Saturday, September 23, 2017

Cultural and Historic Ensemble of the Solovetsky Islands

The Solovetsky archipelago comprises six islands in the western part of the White Sea, covering 300 km2 . They have been inhabited since the 5th century B.C. and important traces of a human presence from as far back as the 5th millennium B.C. can be found there. The archipelago has been the site of fervent monastic activity since the 15th century, and there are several churches dating from the 16th to the 19th century.

The Cultural and Historic Ensemble of the Solovetsky Islands is a medieval Russian Orthodox monastic settlement in an inhospitable environment.

The Solovetsky Islands are an archipelago situated north of St. Petersburg. There are about 100 islands, inhabited by only 1400 people. Greater Solovetsky Island is the biggest, on which the famous medieval monastery and Kremlin is built. Its beginnings as a religious center date to the mid 15th century: in 1436 the monastery was founded.

The complex also includes a monastic village and a number of detached monasteries (on other islands too).

In 1920 Solovetsky Camp became the first Soviet concentration camp, on the grounds of a former monastery. People persecuted by the Soviet government were sent here, and it became a model for the gulag system that later spanned the country. Later it was turned into a naval base. Its monastery function was restored in 1990.

Saturday, August 26, 2017

Qinghai Hoh Xil

Qinghai Hoh Xil, located in the northeastern extremity of the Qinghai-Tibetan Plateau, is the largest and highest plateau in the world. This extensive area of alpine mountains and steppe systems is situated more than 4,500 m above sea level, where sub-zero average temperatures prevail all year-round. The site’s geographical and climatic conditions have nurtured a unique biodiversity. More than one third of the plant species, and all the herbivorous mammals are endemic to the plateau. The property secures the complete migratory route of the Tibetan antelope, one of the endangered large mammals that are endemic to the plateau.

Natural System of Wrangel Island Reserve

Located well above the Arctic Circle, the site includes the mountainous Wrangel Island (7,608 km2), Herald Island (11 km2) and surrounding waters. Wrangel was not glaciated during the Quaternary Ice Age, resulting in exceptionally high levels of biodiversity for this region. The island boasts the world’s largest population of Pacific walrus and the highest density of ancestral polar bear dens. It is a major feeding ground for the grey whale migrating from Mexico and the northernmost nesting ground for 100 migratory bird species, many endangered. Currently, 417 species and subspecies of vascular plants have been identified on the island, double that of any other Arctic tundra territory of comparable size and more than any other Arctic island. Some species are derivative of widespread continental forms, others are the result of recent hybridization, and 23 are endemic.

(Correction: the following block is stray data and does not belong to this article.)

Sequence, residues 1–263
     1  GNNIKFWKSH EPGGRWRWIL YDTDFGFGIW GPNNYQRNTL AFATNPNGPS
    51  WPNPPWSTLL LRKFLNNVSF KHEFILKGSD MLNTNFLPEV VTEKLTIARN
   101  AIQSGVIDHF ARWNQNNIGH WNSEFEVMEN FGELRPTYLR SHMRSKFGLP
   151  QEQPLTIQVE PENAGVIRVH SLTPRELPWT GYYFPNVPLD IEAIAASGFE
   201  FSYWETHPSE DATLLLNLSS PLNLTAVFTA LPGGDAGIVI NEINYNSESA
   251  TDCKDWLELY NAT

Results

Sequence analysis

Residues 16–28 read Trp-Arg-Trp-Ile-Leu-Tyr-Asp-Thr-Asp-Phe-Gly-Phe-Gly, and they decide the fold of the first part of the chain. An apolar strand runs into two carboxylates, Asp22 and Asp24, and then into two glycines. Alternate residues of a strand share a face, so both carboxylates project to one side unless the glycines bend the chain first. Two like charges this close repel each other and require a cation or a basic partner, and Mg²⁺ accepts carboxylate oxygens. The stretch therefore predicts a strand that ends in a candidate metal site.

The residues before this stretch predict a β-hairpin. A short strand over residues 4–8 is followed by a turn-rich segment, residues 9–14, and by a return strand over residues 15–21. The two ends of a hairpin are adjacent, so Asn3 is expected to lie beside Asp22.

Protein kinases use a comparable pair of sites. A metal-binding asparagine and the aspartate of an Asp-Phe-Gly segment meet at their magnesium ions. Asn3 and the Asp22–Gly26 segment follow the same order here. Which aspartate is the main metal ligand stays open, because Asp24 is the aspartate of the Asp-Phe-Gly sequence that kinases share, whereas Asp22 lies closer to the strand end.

The Natural System of Wrangel Island Reserve comprises a group of two islands north of the Arctic Circle with a remarkable high diversity of plants and animals.

Wrangel Island and Herald Island lie in the High Arctic Tundra ecoregion, with a very dry and cold climate. They have a mountainous landscape, with valleys, lakes and rivers. Vegetation consists of tundra and steppe underlain with permafrost. The surrounding waters are also part of the designated area.

The islands were not glaciated during the last Ice Age, and subsequently served as a refuge for Pleistocene species that have not survived elseweher. Wrangel also is on the intersection of two major continental systems – Asia and North America -and has species from both.

Notable features include:

• northernmost Migratory bird destination

• northernmost marine mammal location (gray whales and dolphins)

• breeding habitat of Asia’s only Snow goose population

• the largest population of Pacific walrus with up to 100,000 animals congregating

• a breeding ground for polar bears (having the highest density of dens in the world),

• woolly mammoths survived on Wrangel Island until 1650 BC, the most recent survival of all known mammoth populations.

• remains of a palaeoeskimo site as well as several small deserted reindeer herder’s settlements

Herald Island is uninhabited, and Wrangel is home to a handful of rangers and scientists.

Citadel, Ancient City and Fortress Buildings of Derbent

The Citadel, Ancient City and Fortress Buildings of Derbent were part of the northern lines of the Sasanian Persian Empire, which extended east and west of the Caspian Sea. The fortification was built in stone. It consisted of two parallel walls that formed a barrier from the seashore up to the mountain. The town of Derbent was built between these two walls, and has retained part of its medieval fabric. The site continued to be of great strategic importance until the 19th century.